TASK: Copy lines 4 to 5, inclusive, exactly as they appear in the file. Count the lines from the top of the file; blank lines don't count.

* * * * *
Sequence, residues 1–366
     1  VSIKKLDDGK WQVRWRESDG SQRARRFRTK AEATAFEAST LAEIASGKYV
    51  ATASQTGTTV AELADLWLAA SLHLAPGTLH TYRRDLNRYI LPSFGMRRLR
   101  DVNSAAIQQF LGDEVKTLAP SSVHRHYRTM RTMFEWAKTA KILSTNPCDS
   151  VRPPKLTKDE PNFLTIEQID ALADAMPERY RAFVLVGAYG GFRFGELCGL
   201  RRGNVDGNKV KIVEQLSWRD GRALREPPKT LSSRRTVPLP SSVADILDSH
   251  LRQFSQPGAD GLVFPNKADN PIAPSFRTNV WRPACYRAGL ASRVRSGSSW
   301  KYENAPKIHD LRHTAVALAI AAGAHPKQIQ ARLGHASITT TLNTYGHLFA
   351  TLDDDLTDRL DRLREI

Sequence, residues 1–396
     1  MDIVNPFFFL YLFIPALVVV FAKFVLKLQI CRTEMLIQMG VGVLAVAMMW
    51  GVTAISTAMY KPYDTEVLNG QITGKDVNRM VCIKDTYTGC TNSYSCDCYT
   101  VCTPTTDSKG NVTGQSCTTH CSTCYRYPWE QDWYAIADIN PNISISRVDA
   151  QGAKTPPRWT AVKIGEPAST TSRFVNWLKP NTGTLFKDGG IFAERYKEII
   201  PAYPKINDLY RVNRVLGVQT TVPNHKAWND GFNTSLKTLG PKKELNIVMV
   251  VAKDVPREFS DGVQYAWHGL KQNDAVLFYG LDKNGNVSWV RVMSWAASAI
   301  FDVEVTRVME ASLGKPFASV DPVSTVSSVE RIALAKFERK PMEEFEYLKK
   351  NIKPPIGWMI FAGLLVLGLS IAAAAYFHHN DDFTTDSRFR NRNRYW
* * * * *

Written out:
   101  DVNSAAIQQF LGDEVKTLAP SSVHRHYRTM RTMFEWAKTA KILSTNPCDS
   151  VRPPKLTKDE PNFLTIEQID ALADAMPERY RAFVLVGAYG GFRFGELCGL